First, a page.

Riverton City Drainage Way History
The primary creek systems, Midas and Rose Creeks cross Riverton City flowing west to the east. The third Butterfield Creek system is diverted to Midas Creek in Herriman City but still exists in Riverton downstream of Redwood Road. Rose Creek is located at the southern boundary and Midas Creek on the northern boundary. Butterfield Creek was historically located more-less through the center. The historic Butterfield Creek split somewhere around 4000 West but only remnants remain beginning at Redwood Road at 11850 South on the north and 13500 South on the south end of the City. Formerly, Butterfield Creek would fill and spill from the canal mostly the Welby Canal resulting in the preservation of FEMA floodplains but farming practices and eventually urban development effectively erased its existence across most of the City except for the eastern quarter. Riverton is divided by five canals which flow from the south to the north. Beginning on the east boundary is the Beckstead Ditch, South Jordan Canal, Utah and Salt Lake Distributing, Utah Lake Distributing respectively and the furthest west is the Welby Canal, also known as the Provo River or Highland Canal.
Development accelerated in the 1990’s and continues rapidly today. Like many cities in the Jordan Valley, Riverton was changing from a rural community to an urban community. Early development occurred with little or no runoff volume management and no intentional water quality systems. Many flood control systems were surface in nature and were shared with gravity irrigation systems but all subdivision drainage systems eventually separated from gravity irrigation systems and transitioned to traditional inlet, pipe and detention systems. By the 1990's it was recognized modern flood control management was becoming necessary.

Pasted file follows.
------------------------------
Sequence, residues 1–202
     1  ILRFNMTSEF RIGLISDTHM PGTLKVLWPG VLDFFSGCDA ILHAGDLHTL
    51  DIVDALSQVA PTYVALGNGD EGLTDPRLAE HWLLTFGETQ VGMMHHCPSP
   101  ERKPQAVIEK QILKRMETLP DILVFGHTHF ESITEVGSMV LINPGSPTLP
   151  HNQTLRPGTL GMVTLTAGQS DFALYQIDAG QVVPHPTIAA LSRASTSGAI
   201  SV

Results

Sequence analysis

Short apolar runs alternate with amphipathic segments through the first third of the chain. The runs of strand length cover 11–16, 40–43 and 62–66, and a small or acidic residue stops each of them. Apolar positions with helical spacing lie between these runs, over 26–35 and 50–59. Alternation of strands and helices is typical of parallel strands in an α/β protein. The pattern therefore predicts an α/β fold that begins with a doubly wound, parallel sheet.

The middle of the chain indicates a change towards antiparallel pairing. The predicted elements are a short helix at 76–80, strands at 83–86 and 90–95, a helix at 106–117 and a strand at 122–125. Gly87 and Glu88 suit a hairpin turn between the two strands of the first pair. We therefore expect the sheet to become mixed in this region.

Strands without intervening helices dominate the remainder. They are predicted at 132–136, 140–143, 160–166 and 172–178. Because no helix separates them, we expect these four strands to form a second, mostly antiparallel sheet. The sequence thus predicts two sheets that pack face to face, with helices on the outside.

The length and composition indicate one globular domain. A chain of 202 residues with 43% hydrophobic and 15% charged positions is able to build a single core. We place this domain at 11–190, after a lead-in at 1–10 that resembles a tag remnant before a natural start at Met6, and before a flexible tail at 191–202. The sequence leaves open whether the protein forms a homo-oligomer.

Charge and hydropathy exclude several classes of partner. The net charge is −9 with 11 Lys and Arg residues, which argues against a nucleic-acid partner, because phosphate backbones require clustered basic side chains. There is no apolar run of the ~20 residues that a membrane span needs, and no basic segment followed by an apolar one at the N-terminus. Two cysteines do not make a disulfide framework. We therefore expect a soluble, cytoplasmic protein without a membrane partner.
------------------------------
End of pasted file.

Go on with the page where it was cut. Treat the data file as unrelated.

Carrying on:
Some of today's challenges come from the fact that new piped stormwater systems where shared with irrigation systems and many crossed through private property, in addition, many were not designed with no flood control detention systems. The canals and creeks received much of this new runoff impact without runoff rate management using most of the canal and creek systems capacity, leaving new development with significant discharge rate restrictions. Eventually, it became necessary for canal to creek system overflow structures and moratoriums on stormwater to canal system connections. With canal capacity diminishing Rose and Midas Creeks had to pick up the runoff from the abandoned Butterfield Creek basin resulting in expensive piped systems for conveying the center basin runoff to Rose Creek, Midas Creeks and the Jordan River. In 2002 UDOT improved 12600 South which included a conveyance system from the west side of the City to the Jordan River, however, betterment cost prohibited including much of the already built out Butterfield Basin drainage infrastructure which resulted in a 12600 South system basin which is mainly limited to the 12600 South frontage properties only.
To the detriment of water quality concerns, the new urban drainage systems built in the 80's, 90's and even early 2000's were mostly traditional inlet, pipe and low flow detention pond system approaches resulting in very efficient runoff collection systems but poor urban pollution containment making water quality retrofitting challenging.